‘Dot’s Place’ demolition approved | SierraSun.com

‘Dot’s Place’ demolition approved

The house that may be Truckee’s last surviving brothel from the Depression era will soon be history.

Truckee Town Council decided unanimously at its June 6 meeting to give permission for “Dot’s Place” on Jibboom Street to come down.

After deliberating both sides of the issue, the council approved plans to tear down the ramshackle structure and allow the owner extra time to apply for necessary permits to build the proposed office space.

Council decided to follow Town Planner Duane Hall’s suggestion that the building’s history does not justify its preservation and that it should be torn down. But first, council heard arguments from the public and members of the Truckee-Donner Historical Society divided over whether the building should be preserved.

Members of the Truckee-Donner Historical Society took the lead in defending the building, arguing that although it is presently in bad shape, the building should be preserved in the interest of the town’s history.

Hall responded that the building does not have any remaining historical or architectural value because of the many modifications it has undergone. He added that the significance and integrity of a building are factors that must be considered together.

When participants objected that buildings could be historically registered if proved to be the last of their kind, Hall said that he felt the building is not one of a kind. He also said that the Jibboom Street house is no longer associated with significant lives or events “that have impacted broad patterns of Truckee’s history.”

Truckee resident Mary Delaney came forward to share her memories of “Dot’s house” in the 1930s and to argue that it should not remain. She told the council and audience that she remembered the house as a site of illicit activities including prostitution and bootlegging, the main sources of income for several Jibboom Street houses. Delaney also recalled more personal experiences of living near the house and helping her mother carry bootlegged liquor.

George Robertson, another Truckee resident, also had vivid memories of the place and said he would be pleased to see the house torn down.

“I feel I’m speaking for a lot of the people that something should be done about Jibboom Street,” he said.

Guy Coates, research historian for the Truckee Donner Historical society, recalled the Great Depression days in the 1930s when the prostitution and bootlegging that allegedly took place in the house were among Truckee’s most important industries. Coates said that the building should stay as a reminder of those hard times.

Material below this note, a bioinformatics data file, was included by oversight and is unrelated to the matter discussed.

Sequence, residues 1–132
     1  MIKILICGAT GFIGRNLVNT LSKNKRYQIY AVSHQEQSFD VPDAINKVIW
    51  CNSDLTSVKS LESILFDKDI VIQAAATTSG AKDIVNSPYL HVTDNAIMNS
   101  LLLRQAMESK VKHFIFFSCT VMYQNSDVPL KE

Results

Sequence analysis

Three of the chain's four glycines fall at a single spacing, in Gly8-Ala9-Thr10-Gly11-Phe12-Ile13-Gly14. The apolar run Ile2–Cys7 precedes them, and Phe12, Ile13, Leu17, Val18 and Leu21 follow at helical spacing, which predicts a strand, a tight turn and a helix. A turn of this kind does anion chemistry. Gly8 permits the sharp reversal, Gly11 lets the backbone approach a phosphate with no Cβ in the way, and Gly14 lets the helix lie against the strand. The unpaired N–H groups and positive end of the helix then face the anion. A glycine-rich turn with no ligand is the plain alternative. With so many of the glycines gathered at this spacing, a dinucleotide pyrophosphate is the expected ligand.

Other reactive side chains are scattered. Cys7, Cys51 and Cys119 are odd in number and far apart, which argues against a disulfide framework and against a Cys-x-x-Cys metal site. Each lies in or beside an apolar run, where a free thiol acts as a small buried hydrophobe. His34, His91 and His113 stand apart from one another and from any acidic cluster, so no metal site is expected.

Hall responded by asking what the purpose of protecting such a building would be if it could not benefit the community in return.

Relaying the results of the independent Historical Preservation Advisory Commission (HPAC), Hall reported that the commission agreed that the house was in deplorable condition and did not merit preservation. He said the town planning commission consulted with HPAC before putting together its own opinion.

Historical Society member Sharon Arnold objected, and said tearing down the house would “put an end to all we’ve been working for in downtown Truckee.”

Coates added, “we must encourage preservation, instead of demolition.”

But Hall reassured the preservationists that tearing down “Dot’s house” will not set any precedents for destroying historical properties.

Hall explained that property owner David Giacomini’s proposal to tear down the house would only affect this one building because the application was so unique, in that it involved a house that was not in the historic inventory yet whose historical importance was under dispute.

“This is a one-of-a-kind application because it was the only one that met the (historical review) criteria for processing it,” Hall said.

Hall added, “the Town Council has made historical preservation a priority and has hired new planning staff and consultants to complete a new inventory.” He added that “we won’t see a deluge of demolition applications coming in because this review only applied to this one application.”

Still, opinion against the house won the day as other attendees agreed that the building should be torn down despite its colorful history.

“We need to destroy the building to move ahead in the renovation of the downtown area,” the Mountain Area Preservation Foundation’s Steve Frisch said.

Mayor Maia Schneider called the building an “eyesore” and Councilman Bob Drake expressed his disappointment that the building had been “condemned through neglect,” before they joined the council in voting 5-0 to raze the house.

The council also discussed the time pressures on Giacomini to obtain permits to demolish the building and get approval for his plans before the next inventory of historical buildings is taken in six months.

Council considered that the new inventory might include houses that are not eligible for the National Register of Historic Places, but could be protected in the name of local interest, a category that uses similar standards as the National Register but is less strict. Both Giacomini and the council feared that if the house was not torn down in time, its historical significance could be brought into dispute again. Council decided that they would give Giacomini extra time to file his permits if he ran into difficulties.

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